Limitations of feed-fed LMB may not be just a function of learning curve. The physiology / morphology may need to change as well. Latter may take more than a few weeks..
What are your observations as to morphology?
Should be easy to find publications supporting morphological changes of sunfish as a function of prey type. From what I have seen, it is likely the changes to LMB are likely to be just as pronounced.
I know of one on OSS. I haven't read it but had assumed these morphological changes occur over a few generations. I suppose also that offspring of varying morphology are always in the population, those with morphology best suited for the most abundant prey have more reproductive success and quickly dominate.
Nobody has mentioned the impact of artificial selection at hatcheries with respect to feed training. At least some hatcheries, perhaps most by now, feed brooders prepared feed.
While epigenetic effects would likely subside after a generation or two, one has to wonder what they might be.
Very interesting topic and we have discussed it in prior PB articles. Bob was doing an article that several of us provided info on the topic for but not sure he has used the article yet. Here is a bit on the topic wrt lepomis sunfish. Keep in mind that all my comments in this thread are short term effects on LMB stocking ( a few mths but less than a year).
In these articles plasticity = adaptive behavior (adaptation) = phenotypic plasticity which can lead to morphological changes .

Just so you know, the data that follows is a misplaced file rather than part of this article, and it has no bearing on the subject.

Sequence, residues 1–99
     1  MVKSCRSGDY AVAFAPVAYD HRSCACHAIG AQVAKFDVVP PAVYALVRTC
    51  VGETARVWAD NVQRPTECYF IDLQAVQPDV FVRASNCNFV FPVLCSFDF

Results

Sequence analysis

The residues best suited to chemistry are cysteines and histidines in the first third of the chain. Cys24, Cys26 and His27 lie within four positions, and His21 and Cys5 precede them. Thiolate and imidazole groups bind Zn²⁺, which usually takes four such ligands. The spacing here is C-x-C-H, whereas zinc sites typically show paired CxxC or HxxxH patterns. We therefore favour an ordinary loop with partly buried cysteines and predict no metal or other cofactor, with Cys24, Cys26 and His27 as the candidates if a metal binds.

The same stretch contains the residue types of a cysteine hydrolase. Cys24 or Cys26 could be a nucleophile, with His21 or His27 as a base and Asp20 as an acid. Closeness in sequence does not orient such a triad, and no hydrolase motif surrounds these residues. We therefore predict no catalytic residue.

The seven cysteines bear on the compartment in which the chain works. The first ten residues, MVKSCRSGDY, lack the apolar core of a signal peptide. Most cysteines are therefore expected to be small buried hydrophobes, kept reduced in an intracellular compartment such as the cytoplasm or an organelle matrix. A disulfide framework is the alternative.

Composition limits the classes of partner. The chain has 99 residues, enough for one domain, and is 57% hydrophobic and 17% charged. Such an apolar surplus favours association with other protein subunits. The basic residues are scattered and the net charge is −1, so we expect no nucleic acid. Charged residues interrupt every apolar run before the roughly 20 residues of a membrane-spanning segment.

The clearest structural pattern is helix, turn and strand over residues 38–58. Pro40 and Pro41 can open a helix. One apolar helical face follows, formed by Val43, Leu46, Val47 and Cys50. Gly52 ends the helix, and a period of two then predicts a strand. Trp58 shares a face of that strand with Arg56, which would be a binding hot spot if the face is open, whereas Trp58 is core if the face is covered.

The Effect of Vegetation Density on Juvenile Bluegill Diet and Growth in the Journal of Freshwater Ecology 2012, 1–11 by Daniel E. Shoup , Michael A. Nannini & David H. Wahl discuss a number of their thoughts which are set out below.
At the start the authors noted that the role of vegetation density and its influence on juvenile bluegill diet and growth remains unclear. Even after the many studies that exist. They acknowledge much disagreement in the literature about how vegetation density affects foraging results and thus growth of juvenile bluegill. Several studies have found reduced foraging return for bluegill when they forage in structurally complex habitats, whereas others have found that bluegill growth was unaffected or even increased when foraging in complex environments. However these studies were with predators present. That is not the case when a typical bluegill or other forage base is first started in a new or renovated pond without predators.
In the Shoup et al study eight experimental 0.4-ha ponds (one acre with a mean depth of 1m) were used to evaluate the effects of habitat complexity on growth of small bluegill. Each pond was stocked with 15 kg of young-of-year bluegills (30–50 mm total length, approximately 20,000 fish per pond) to produce a realistic density for small ponds. The ponds contained varying amounts of vegetation (plants) and no predators.
The result was - by the end of the experiment, bluegill from the low vegetation treatment ponds were significantly longer – twenty (20%) percent than bluegill from the high vegetation treatment ponds. These results suggest that bluegill chose to forage in a vegetated habitat even in the absence of predation risk, resulting in reduced growth. The question is why and what caused the bluegill to stay and forage in the plants even when that was not optimum for growth and energy usage (energetics).
Because piscivorous fish were not present in the study ponds used by Sloup et al, it was surprising that bluegill foraged so heavily in the vegetated habitat. Either bluegill cannot accurately assess predation risk or some other mechanism causes bluegill to forage in vegetated habitat. The propensity of bluegill to forage in vegetated habitat could be genetically linked or related to phenotype . In both cases, fish would not be expected to alter their habitat use in response to the absence of predators over short time scales. Bluegill may also select habitat due to temperature preference rather than foraging return highlighting the potential for mechanisms other than predation risk.